HexFest 2018 met with protests from Catholic groups

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NEW ORLEANS – HexFest 2018 was met with street protests Saturday for the first time in its four year history. Conservative Catholics lined the streets in front of St. Louis Cathedral to join an action coordinated by TFP Student Action, a division of American Society for the Defense of Tradition, Family and Property. They held up religious symbols, recited prayers, played bagpipes, and waved signs in protest. One sign read, “Catholics reject satanic HexFest” and another read, “Do not permit Witchcraft and the occult to trample our Catholic heritage.”

2018 HexFest protest [Christian Day].

The conflict began in July, nearly a month before the event, when a call-to-action flyer was published on the Catholic website SpiritDaily. This call to action was written by Cynthia Hemelt, a member of St. Mary Magdalene Parish in Metairie, which is a nearby suburb of New Orleans.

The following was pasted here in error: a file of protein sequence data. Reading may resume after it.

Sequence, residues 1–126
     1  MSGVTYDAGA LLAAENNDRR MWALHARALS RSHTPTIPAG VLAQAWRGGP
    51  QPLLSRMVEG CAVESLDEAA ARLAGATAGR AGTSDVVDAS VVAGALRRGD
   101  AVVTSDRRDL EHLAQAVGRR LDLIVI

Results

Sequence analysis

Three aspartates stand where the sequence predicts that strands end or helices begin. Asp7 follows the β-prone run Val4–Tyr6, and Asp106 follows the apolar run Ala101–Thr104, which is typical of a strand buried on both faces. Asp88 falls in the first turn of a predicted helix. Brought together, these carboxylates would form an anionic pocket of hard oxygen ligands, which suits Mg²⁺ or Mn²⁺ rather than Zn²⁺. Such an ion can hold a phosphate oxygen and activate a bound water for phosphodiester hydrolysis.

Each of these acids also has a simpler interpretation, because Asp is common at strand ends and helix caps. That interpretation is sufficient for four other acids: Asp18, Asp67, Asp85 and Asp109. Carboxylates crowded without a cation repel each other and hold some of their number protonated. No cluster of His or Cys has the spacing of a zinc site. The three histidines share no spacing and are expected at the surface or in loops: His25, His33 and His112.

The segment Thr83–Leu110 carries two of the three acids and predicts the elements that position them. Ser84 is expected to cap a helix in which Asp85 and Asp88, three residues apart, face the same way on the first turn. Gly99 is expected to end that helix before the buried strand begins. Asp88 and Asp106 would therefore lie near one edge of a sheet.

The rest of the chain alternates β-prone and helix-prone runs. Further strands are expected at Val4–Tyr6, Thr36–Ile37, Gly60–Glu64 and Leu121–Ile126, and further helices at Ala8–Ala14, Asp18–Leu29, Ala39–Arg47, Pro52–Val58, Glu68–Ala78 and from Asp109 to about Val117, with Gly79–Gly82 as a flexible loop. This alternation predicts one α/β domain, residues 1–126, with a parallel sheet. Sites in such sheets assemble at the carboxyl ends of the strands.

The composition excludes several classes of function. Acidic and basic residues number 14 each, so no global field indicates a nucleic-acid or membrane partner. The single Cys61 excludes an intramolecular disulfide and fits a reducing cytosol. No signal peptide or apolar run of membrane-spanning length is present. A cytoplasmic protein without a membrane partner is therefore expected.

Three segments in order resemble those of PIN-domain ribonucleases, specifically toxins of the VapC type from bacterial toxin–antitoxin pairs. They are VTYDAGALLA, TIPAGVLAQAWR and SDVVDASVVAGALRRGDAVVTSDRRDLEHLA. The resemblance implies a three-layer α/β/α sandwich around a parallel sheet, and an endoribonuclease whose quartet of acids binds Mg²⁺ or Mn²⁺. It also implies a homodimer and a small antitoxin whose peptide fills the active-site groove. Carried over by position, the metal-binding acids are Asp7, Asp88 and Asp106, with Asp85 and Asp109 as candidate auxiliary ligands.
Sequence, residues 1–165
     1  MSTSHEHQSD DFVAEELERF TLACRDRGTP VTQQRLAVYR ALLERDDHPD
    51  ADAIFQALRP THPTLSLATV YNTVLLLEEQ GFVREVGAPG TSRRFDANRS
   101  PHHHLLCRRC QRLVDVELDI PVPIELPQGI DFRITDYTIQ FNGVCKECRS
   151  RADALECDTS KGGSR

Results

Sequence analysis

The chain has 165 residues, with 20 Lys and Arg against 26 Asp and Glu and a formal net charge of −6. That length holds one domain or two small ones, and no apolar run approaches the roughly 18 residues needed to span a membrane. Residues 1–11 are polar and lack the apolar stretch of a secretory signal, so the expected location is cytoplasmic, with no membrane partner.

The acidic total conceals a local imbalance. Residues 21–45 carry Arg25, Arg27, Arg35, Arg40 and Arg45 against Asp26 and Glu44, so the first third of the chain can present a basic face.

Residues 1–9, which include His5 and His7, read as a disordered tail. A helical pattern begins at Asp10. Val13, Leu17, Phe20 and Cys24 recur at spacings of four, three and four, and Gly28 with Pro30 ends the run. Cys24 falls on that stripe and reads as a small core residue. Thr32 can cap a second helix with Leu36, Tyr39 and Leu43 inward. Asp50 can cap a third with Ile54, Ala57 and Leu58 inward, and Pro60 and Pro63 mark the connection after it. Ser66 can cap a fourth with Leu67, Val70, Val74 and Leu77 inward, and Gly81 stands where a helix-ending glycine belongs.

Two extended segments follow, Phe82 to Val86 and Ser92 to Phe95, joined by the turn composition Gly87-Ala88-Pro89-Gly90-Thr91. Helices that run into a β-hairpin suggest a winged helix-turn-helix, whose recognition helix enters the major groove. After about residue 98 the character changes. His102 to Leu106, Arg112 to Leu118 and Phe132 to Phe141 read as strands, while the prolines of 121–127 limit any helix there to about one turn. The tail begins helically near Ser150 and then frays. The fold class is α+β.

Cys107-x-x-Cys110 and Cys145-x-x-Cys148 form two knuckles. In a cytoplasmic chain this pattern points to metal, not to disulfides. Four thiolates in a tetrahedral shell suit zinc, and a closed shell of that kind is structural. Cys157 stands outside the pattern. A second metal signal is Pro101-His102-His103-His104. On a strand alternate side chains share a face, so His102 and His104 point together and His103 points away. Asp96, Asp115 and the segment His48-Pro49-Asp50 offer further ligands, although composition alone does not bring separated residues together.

Hemelt wrote, “Please help us pray for the end of all witchcraft and occult practices and rituals that offend God and that the HexFest will be stopped, all rituals be rendered useless, and that the evil one may be thwarted in his efforts to lead souls astray.” The flyer goes on to describe the protest action, which was organized to be a series of prayer circles at the Metairie church held during the same weekend as HexFest, Aug. 10-12.

Hemelt’s call did not mention protesting at the festival site itself.

When co-organizer Christian Day was alerted to the prayer action, he contacted Reverend Christian DeLerno, Jr., the priest listed on the flyer. In an email message, Day objected to what he called “incendiary language.”